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Rent Arrears

Having a tenant that doesn't pay rent is not a pleasant experience. It is something you hope you never have to deal with. But, as a landlord, the reality is that you will probably have to contact a tenant regarding rent arrears at least once in your lifetime. Sometimes you will be able to recover the unpaid rent. Other times you may be forced to initiate the eviction process.

Prior to commencing the eviction process, communicate with your tenant by sending them a letter or if need be, a series of letters. Letters are also an effective paper trail and will help your case in court, if it was to go that far.

In the event of unpaid rent, the RLA have put together a collection of rent arrears letter templates to help you to communicate with your tenant.

Letters for use where you are not employing a solicitor

Rent Arrears - Friendly
Send to a tenant as a friendly reminder the rent is overdue.

Rent Arrears - Less Friendly
After sending 'Rent Arrears - Friendly' letter to a tenant and hearing nothing, send this letter.

Rent Arrears - Standing Order or Direct Debit bounces
Send to a tenant when a Standing Order or Direct Debit bounces.

Unpaid Standing Order or Direct Debit
Send to a tenant when a Standing Order or Direct Debit bounces following a phone conversation in which a collection date was agreed upon.

Direct Debit Cancellation
Send to a tenant immediately on receiving notice that a Direct Debit instruction has been cancelled.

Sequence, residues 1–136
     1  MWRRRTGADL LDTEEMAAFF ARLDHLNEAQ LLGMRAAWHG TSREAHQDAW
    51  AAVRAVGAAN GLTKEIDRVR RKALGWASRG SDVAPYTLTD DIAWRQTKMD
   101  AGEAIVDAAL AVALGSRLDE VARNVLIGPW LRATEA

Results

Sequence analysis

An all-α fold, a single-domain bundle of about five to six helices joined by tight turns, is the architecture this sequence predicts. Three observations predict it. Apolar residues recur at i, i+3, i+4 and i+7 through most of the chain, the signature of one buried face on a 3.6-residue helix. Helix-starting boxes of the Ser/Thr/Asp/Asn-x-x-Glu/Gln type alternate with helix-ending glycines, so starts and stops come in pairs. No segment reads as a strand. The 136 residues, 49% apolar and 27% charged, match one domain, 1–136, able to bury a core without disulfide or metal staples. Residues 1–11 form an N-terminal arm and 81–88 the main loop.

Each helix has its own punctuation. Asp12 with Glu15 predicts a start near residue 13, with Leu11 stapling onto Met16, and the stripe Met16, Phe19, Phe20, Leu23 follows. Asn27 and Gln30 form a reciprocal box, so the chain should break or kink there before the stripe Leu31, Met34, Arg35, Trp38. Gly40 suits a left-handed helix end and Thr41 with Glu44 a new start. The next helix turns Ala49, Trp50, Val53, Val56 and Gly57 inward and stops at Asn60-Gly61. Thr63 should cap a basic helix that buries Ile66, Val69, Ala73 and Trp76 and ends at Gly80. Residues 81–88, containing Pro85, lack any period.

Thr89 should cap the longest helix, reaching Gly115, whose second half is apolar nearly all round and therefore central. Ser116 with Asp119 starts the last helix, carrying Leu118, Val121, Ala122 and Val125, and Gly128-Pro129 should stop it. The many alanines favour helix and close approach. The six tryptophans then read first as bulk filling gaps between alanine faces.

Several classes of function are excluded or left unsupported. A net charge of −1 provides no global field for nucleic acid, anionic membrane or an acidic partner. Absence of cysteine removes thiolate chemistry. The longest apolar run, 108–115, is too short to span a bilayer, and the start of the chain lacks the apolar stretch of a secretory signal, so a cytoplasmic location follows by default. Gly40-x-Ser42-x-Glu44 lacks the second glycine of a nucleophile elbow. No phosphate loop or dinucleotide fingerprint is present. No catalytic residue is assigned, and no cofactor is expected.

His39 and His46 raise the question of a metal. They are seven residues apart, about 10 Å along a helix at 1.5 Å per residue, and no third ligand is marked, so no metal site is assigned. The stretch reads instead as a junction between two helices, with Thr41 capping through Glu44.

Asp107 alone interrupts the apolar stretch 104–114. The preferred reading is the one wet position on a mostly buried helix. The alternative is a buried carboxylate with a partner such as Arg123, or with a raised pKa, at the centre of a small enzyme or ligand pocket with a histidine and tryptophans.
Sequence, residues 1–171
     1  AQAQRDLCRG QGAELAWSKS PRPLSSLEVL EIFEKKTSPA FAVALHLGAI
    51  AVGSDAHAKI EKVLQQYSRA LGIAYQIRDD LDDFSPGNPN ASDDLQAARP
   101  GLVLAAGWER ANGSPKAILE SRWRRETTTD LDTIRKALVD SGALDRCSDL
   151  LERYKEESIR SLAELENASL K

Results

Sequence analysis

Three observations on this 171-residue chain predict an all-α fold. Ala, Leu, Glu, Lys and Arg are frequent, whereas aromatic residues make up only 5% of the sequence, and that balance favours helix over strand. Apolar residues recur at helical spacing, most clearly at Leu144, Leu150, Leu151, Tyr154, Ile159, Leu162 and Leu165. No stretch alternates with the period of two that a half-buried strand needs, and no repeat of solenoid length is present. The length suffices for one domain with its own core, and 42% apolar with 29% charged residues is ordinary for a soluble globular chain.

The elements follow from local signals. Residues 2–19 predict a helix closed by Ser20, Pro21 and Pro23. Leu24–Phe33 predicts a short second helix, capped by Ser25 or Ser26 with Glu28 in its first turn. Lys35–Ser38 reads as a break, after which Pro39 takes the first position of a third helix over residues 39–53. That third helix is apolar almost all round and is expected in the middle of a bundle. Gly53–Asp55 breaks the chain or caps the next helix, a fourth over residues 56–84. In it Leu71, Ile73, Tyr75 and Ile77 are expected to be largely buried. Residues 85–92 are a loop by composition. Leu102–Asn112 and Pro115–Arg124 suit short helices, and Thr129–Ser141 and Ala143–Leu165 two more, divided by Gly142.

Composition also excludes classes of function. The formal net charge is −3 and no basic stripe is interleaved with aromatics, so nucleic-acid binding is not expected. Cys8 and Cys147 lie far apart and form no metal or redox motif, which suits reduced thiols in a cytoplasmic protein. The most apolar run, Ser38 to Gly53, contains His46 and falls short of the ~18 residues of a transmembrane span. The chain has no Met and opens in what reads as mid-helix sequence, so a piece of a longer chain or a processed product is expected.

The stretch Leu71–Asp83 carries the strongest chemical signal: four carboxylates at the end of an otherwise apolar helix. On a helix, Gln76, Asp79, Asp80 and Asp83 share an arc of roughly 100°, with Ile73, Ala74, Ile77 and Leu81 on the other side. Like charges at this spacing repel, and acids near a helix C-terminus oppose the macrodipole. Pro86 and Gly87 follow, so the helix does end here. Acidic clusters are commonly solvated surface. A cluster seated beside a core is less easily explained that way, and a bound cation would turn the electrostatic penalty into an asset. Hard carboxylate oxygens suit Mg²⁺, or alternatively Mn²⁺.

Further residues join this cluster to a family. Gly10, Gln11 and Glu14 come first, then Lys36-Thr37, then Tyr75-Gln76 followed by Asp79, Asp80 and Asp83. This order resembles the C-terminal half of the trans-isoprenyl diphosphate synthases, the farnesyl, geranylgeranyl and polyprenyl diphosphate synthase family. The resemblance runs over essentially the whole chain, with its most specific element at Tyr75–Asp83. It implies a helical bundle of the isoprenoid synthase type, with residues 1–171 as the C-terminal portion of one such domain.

Standing Order Cancellation
Send to a tenant immediately on receiving notice that a Standing Order instruction has been cancelled.

Stage 2 - If the letters from Stage 1 do not provide the outcome you were looking for, consider issuing these letters.

Rent Arrears - Small Claims Court Action Pending
This final letter is suitable when chasing arrears of rent only and not necessarily looking for vacant possession of your property.

Rent Arrears - Legal Action Pending
Legal action to regain vacant possession of your property is pending.

Letter for use where you are employing a solicitor

Employing a solicitor can be a costly affair and in most cases involving tenancy breaches is unnecessary or counter-productive. Tenants generally lack assets to lay claim to in the event of a breach so a landlord representing themselves via or seeking possession using under Section 8 Housing Act 1988 is usually the best route.

In the event that your tenant has assets, is in breach, and the breach is for £10000 or more, then you should be using a solicitor. In those cases, if you wish to be able to claim all of your solicitor's costs from the tenant, then you must comply with the Pre-Action Protocol for Debt Claims. This adds a number of additional requirements and obligations for the landlord and so a specialised debt claim letter is required for it. The below letter complies with the Pre-Action Protocol provided it is sent along with the Reply Letter and Information Sheet.

This letter should NOT be used if you are representing yourself as it increases the amount of time required before action can be taken and significantly increases the likelihood delays. It should also not be used if you are using Section 8 to gain possession of your property on the basis of arrears.

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